Advising | Department of Education


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Tips for Advising

Record Keeping 

You should keep accurate records on the content of your meetings with your advisees. You may do this on a piece of paper in a hard copy advising folder, or you can keep these electronically on your computer (either in a database program such as FileMaker Pro or Access, or just using a word processing file for each advisee). A useful guide for these records is:

  • Record the date the advisee came to see you.
  • Note any holds or alerts and what your advisee's plan was (based on your meeting) to take care of these. If you made any changes, such as exception to APAS, signed an orange form to substitute grade change, etc.
  • Summarize key points of your meeting.
  • Have a follow-up discussion based on key points you raised with the advisee at your last meeting. (Example: you may have told advisee that s/he should take the MTLE right away. Note if s/he in fact did do this, and what the outcome was. If GPA was low, what steps did s/he take to correct this, and how are classes going this semester?)
 

At the Start of the Semester 

Send an email to your advisee alias, welcoming your advisees back for the semester, and reminding them of upcoming deadlines:

  • Student teaching applications due end of week three. Candidates will need to have you review and sign their application, so warn them of this and remind them to schedule time in advance to meet with you prior to week three.
  • Applications to program are due and of week five. Again, candidates will need to have you review and sign their application, so warn them of this and remind them to schedule time in advance to meet with you prior to week five.
 

In the Middle of the Semester 

Email your advisee alias and warn students of upcoming advising and registration weeks. Remind them of your office hours and encourage them to come and see you to go over their plans for the upcoming semester. Also remind candidates who are planning on applying for program admission the next semester that they should take the MTLE right away (if they have not already done so), as there can be delays in scheduling a time, and also because it takes a few weeks to get scores back on the writing section.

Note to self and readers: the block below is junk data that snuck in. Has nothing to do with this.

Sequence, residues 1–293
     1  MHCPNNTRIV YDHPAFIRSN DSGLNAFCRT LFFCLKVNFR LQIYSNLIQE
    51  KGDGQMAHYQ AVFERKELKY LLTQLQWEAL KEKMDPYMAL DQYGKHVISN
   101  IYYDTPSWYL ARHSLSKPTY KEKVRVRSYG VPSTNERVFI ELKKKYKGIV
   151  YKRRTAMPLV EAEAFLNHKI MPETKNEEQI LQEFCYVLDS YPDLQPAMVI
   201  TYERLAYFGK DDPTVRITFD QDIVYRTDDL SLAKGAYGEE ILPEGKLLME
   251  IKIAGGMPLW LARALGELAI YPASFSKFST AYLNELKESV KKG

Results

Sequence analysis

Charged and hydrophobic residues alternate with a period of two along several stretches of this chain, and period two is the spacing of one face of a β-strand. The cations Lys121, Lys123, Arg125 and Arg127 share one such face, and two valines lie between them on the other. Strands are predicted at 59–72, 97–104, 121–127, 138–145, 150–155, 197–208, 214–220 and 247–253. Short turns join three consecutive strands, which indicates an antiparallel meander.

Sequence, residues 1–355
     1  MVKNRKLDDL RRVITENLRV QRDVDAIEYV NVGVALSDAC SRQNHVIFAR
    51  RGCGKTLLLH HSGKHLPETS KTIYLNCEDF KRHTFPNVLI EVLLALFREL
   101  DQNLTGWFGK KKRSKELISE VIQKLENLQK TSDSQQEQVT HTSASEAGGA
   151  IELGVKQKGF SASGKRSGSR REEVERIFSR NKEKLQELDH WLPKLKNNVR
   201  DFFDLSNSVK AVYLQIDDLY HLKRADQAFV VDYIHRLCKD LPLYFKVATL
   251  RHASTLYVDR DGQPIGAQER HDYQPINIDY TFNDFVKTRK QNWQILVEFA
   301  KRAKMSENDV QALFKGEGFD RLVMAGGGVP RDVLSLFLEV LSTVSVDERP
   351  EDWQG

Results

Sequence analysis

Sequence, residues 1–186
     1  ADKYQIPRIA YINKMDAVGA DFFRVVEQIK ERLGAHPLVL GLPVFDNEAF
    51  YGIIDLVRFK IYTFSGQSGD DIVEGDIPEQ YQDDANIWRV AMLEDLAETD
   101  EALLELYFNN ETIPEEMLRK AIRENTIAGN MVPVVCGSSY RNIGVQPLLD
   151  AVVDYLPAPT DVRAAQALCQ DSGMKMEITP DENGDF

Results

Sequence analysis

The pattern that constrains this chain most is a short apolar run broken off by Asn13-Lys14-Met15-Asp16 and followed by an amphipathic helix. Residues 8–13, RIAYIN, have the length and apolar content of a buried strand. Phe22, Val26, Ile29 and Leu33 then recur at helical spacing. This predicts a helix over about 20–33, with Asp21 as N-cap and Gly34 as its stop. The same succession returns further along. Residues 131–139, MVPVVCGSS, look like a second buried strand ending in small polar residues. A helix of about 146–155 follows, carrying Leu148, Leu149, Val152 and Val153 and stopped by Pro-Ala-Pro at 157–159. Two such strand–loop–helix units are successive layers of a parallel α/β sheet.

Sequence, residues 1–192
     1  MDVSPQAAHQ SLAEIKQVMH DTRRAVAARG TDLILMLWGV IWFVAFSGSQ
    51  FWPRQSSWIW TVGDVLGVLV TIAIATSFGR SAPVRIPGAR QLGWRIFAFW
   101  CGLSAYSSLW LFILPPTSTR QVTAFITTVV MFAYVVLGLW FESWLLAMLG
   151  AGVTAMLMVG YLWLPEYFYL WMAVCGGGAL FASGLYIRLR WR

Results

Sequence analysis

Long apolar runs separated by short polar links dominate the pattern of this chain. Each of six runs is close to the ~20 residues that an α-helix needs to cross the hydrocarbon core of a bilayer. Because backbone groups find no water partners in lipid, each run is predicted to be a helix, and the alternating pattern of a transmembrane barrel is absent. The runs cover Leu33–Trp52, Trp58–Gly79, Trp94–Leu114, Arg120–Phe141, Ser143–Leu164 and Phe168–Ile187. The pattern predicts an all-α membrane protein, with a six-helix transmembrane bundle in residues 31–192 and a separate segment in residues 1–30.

Setting Up Advising Meetings 

Post your office hours on your door. (You should have at least three hours of face-to-face, in-your-office office hours each week). Ideally, have a sign-up sheet each week, so candidates can be sure to secure a time to meet with you. Have them leave a contact number in case you need to get hold of them prior to this meeting.

 

Planning for Advising Meetings 

Review your sign-up sheet to see which advisees are scheduled to meet with you. Then, prior to their meeting:

  • Open their records (hard copy, or electronically by login to their online Portfolio) and review these, to see if there is anything that you need to bring to their attention. Example: Holds, tracking information, low GPA, time to apply for admission/student teaching/graduation.
  • Make a note of points you want to bring to their attention, so you can check these off during your meeting.
 

Reviewing Applications for Program Application and Student Teaching 

You must meet in person with your advisees, to go over their application and check their accuracy before you sign the forms. (Your signature on these forms indicates that you have done so). Please also review their letter of application/essay and provide feedback and suggestions.

 

Near the End of the Semester 

Email your advisee alias to remind your advisees of the following:

  • There can be no incompletes in Education licensure courses, and no grades less than C- if they plan to student teach next semester.
  • If the MTLE tests have not been taken, they MUST be taken before the start of the semester in order for students to have their results in time.
  • If you will not be available over the break, notify them, because otherwise they will assume that you will be around and be responding to email. If you will be available, say when (what days/hours) and how they can reach you.